Frequently Asked Questions
- What kinds of data can I publish?
- What is a data paper?
- How do I submit a data paper?
- How does JOAD peer review work?
- Which open license should I apply to my data?
- Which repositories do you recommend for archaeology data?
- What are the criteria for a repository to be accepted?
- What does ‘open’ mean?
- What are the benefits of openly publishing data?
- Do I have to make my data open?
- How do I cite data?
- Do I have to pay to publish in this journal?
All kinds of data are welcome. We are particularly interested in data that may have reuse potential or which is required to validate your research. Many research outputs meet these requirements. For example:
- GIS data and maps
- image and video data
- site plans and notebooks
- quantitative and qualitative survey data
- ethongraphic data (can be anonymised)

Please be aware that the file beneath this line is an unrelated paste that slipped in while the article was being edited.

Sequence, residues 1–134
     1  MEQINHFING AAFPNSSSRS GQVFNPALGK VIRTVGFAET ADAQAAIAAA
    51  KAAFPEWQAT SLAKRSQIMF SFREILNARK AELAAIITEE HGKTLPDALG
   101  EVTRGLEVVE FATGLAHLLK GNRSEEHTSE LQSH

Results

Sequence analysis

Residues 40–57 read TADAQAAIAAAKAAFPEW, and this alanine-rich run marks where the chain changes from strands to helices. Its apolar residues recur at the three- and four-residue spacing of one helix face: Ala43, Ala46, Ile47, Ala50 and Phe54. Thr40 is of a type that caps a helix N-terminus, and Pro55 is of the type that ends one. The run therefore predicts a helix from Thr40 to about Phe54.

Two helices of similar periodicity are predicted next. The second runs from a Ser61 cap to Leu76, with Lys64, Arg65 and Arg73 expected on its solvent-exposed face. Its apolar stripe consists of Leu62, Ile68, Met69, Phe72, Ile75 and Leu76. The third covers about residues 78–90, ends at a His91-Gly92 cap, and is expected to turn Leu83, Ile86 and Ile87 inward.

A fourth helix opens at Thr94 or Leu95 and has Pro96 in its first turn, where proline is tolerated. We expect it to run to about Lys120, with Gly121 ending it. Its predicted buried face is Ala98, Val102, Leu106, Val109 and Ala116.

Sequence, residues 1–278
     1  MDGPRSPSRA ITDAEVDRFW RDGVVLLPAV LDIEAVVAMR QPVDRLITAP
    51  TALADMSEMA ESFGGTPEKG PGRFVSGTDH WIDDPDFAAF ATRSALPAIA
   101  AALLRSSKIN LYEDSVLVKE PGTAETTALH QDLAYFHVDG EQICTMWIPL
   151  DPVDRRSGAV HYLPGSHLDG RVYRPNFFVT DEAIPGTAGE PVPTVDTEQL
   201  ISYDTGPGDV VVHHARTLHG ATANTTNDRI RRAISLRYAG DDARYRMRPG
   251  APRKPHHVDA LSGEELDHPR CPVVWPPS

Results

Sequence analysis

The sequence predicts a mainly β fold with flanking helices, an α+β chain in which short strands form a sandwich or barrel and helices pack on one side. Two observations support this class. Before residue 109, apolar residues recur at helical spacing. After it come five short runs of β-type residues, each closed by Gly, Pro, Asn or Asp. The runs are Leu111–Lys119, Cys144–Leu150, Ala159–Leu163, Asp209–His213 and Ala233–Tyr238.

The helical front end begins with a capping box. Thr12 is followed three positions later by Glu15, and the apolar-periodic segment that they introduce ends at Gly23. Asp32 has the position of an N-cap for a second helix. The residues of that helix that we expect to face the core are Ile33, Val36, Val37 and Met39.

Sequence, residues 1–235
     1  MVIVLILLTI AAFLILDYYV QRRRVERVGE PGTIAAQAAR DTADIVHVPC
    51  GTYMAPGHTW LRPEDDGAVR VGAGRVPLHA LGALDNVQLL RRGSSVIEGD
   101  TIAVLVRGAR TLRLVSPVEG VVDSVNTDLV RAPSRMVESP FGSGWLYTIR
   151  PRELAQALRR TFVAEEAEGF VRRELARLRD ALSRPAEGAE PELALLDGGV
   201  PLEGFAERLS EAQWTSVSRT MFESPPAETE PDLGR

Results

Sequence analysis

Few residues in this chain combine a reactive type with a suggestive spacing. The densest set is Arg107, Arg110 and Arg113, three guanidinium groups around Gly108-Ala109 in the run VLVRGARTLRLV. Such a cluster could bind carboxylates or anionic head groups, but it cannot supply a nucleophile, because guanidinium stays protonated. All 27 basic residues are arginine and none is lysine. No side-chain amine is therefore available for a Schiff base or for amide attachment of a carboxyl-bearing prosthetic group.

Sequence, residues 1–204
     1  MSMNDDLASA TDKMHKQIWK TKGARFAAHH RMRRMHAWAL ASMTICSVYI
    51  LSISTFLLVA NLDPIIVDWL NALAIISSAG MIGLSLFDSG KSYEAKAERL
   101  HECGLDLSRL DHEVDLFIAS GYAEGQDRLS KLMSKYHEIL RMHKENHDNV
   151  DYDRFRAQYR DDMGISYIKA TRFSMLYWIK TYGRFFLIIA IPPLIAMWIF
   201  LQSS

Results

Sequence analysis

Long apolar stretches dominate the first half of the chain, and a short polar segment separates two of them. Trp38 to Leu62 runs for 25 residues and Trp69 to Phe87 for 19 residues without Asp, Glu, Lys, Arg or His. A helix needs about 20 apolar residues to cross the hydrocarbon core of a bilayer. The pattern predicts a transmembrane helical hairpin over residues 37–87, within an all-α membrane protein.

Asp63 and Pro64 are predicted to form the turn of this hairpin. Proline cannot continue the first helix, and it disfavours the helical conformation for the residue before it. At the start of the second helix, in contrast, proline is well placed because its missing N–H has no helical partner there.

- artefact illustrations and measurements
- grey literature
- remote sensing data
- bioarchaeological data
A data paper is a publication that is designed to make other researchers aware of data that is of potential use to them. As such it describes the methods used to create the dataset, its structure, its reuse potential, and a link to its location in a repository. It is important to note that a data paper does not replace a research article, but rather complements it. When mentioning the data behind a study, a research paper should reference the data paper for further details. The data paper similarly should contain references to any research papers associated with the dataset.
Please see our ‘how to submit a data paper’ page.
Please see our overview of the peer review process.
We recommend the following licenses for open data:
- Creative Commons Zero (CC0)
- ODC Public Domain Dedication and License (PDDL)
- Creative Commons Attribution (CC-By)
- ODC Attribution (ODC-By)
All of the above licenses carry an obligation for anyone using the data to properly attribute it. The main differences are whether this is a social requirement (CC0 and PDDL) or a legal one (CC-By and ODC-By). The less restrictive your license, the greater the potential for reuse.